Nimbly Games' Altitude
is a 2D aerial combat game with a focus on online multiplayer, developed by indie developers Erik Measure and Karl Sabo.
The game uses a perk system akin to that of the Call of Duty
franchise, and lets players tweak their aircraft to suit their play style. Its multiplayer suite ranges from traditional deathmatch to team and objective-based game modes.
The game debuted on PC digital distribution services early last year, and has since been featured in the Penny Arcade Expo's PAX 10 and the 2010 Indie Game Challenge.
Gamasutra spoke to Nimbly Games' Erik Measure as part of a continuing series on this year's PAX 10 inductees
– discussing Altitude
's take on online multiplayer, the pros and cons of independent development, and the team's plans for future titles.
Can you describe Altitude a little?
Erik Measure: We’re calling it a cartoon aerial brawler. You jump into a plane and it is all online multiplayer action.
You load out your plane with whatever perks you’d like to use, you pick from five different planes, and then you jump into one of seven multiplayer modes, and from there it is standard death match or objective combat.
You guys are one of the few in the PAX 10 that already has distribution; you’re on Steam.
Right, we’re on Steam, we’re on Direct2Drive, we’re on GamersGate, as well as our own website.
How has the PAX 10 announcement affected sales so far?
PAX 10 has been great. The direct impact on sales is a little hard to tell; we might get a little more after PAX, but mostly it’s about getting the name out. That sort of trickles through.
For you guys, what is the absolute best thing about independent development?
We get absolute creative freedom. We create what we want to create. We made a game that we really love, and then to have people come and tell us “Hey, we are loving this game. Here are some ideas for improving it.” It just feels great to work on something you believe in, that other people believe in, and really feel that you have control.
What have been the biggest drawbacks to independent development?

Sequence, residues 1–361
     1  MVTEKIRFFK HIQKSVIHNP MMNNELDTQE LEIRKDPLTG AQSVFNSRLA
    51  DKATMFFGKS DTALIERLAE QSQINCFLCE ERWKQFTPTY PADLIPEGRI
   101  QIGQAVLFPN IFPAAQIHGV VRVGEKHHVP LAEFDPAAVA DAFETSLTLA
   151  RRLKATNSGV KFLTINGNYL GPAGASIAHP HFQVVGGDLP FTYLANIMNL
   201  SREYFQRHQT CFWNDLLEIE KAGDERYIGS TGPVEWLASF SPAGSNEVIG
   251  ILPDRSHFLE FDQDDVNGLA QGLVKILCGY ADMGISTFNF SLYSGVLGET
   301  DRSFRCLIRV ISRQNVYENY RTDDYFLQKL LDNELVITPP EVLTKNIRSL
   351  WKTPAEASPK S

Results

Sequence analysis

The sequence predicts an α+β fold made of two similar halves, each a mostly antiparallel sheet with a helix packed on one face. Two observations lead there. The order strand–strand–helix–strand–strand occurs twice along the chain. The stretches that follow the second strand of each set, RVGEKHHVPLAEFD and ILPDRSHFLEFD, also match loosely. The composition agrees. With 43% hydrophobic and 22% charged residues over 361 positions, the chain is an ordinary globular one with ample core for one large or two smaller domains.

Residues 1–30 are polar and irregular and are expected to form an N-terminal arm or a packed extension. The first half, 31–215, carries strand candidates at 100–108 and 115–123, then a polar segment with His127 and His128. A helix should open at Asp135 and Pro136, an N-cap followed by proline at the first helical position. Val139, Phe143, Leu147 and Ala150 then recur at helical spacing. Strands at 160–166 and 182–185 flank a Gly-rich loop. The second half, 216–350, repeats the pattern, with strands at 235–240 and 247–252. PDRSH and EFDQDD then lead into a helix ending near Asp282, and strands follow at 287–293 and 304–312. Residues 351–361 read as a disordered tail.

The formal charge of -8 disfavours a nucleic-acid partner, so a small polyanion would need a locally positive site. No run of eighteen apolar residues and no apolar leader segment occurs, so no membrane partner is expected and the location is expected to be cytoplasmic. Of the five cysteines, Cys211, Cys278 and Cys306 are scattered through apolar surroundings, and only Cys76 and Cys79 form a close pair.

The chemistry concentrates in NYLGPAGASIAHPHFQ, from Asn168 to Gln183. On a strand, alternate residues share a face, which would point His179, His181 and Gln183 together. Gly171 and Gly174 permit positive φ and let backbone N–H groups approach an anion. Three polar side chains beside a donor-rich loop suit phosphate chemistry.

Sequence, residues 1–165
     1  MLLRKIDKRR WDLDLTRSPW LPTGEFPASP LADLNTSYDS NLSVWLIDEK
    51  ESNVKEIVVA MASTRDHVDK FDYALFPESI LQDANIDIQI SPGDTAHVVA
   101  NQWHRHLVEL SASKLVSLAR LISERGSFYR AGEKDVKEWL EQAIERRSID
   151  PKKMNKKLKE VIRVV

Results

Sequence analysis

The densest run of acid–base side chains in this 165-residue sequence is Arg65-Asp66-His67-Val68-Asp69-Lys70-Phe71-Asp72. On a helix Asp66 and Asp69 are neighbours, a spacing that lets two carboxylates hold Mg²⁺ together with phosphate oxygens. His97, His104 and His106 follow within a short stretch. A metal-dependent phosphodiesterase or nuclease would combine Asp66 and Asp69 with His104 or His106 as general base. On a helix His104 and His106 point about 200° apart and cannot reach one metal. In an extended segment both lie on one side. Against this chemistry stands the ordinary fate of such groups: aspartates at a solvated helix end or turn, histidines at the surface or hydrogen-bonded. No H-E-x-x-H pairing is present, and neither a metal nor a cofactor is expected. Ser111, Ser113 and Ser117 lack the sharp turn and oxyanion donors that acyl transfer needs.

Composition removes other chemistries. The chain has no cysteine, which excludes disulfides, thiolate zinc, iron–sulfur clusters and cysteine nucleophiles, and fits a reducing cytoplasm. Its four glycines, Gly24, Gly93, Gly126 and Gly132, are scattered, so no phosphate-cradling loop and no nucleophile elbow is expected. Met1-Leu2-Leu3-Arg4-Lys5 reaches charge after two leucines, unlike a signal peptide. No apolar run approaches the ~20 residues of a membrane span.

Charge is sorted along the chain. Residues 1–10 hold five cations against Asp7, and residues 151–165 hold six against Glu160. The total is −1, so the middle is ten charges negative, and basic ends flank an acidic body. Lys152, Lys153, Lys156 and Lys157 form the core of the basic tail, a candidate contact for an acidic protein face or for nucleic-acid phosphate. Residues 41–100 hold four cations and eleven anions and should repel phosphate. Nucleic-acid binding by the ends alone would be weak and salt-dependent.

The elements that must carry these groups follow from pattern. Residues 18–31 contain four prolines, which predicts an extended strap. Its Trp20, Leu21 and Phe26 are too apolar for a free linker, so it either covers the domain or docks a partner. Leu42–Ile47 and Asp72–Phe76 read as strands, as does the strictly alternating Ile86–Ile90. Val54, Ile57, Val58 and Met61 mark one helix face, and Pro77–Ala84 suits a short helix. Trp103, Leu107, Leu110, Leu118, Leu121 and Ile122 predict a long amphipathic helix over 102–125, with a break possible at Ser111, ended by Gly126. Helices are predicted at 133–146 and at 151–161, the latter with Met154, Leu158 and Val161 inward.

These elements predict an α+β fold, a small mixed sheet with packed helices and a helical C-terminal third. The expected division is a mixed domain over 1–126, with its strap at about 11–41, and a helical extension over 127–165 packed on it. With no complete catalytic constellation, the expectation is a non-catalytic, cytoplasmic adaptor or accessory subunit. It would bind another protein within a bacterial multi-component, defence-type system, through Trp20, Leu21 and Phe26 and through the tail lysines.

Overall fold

The drawback is that you have no money, so you have to do what you have to do. For us, that means we live and work out of a small apartment, and that’s cool. Another drawback is that the media buys are non-existent, so you’re scrounging for whatever media you can get. Obviously you’re always in a struggle for coverage, always in a struggle for eyeballs. For us, that’s quite a big challenge.
Have you guys had any part time jobs to make ends meet?
We actually saved up some money doing real respectable work, and we’ve taken that bankroll. And now Altitude
is generating enough money that we can probably do another game, based on the profit.
Have either of you ever been with a mainstream developer?
I worked at a start-up that was focused on cell phone games. Neither of us have worked for a mainstream AAA developer. I have a lot of friends in the industry, so I have a picture of how it works, but I don’t have direct experience; neither of us do.
What was the difference between your vision of how development and release was going to go, and the reality of how everything played out?
The primary difference is duration. There’s always this magnifying effect of time. One week becomes three months, which becomes two years. And development that was slated for an easy one year became three and a half. We’re still hammering away at it. That’s the main thing; everything has sort of gone the way we expected.
Do you have any preferences as far as your distribution so far?
Well, we love all of our distributors, but Steam in particular is awesome for its ability to send eyeballs your way directly. Their promotional people, first off, Steam is extremely generous to indie developers, but beyond that, its ability to drive traffic is simply unparalleled. So they give you a promo and boom, you’ll see 10’s of thousands of new eyeballs on your game, and no one else can do that on the PC side.
Is there anything in particular about your game that makes it intrinsically an indie game?
Well, right off, the game is 2D; that's one thing that sticks out. From the description, you might think the game is a flight sim, but it’s really not. It’s aerial combat, but in 2D, and it changes a lot of assumptions about how flight combat works. It’s also something that can be done with a small budget.
Do you guys have any thoughts about console distribution?
We would love to be on the console, but there are a lot of barriers for a small indies in terms of the certification process, the time it takes, upfront money, and most of those channels are getting pretty full with games from EA and sponsored 'featured' spots and stuff that’s a little tough for us to navigate at this moment, but it’s something we’re looking for in the future.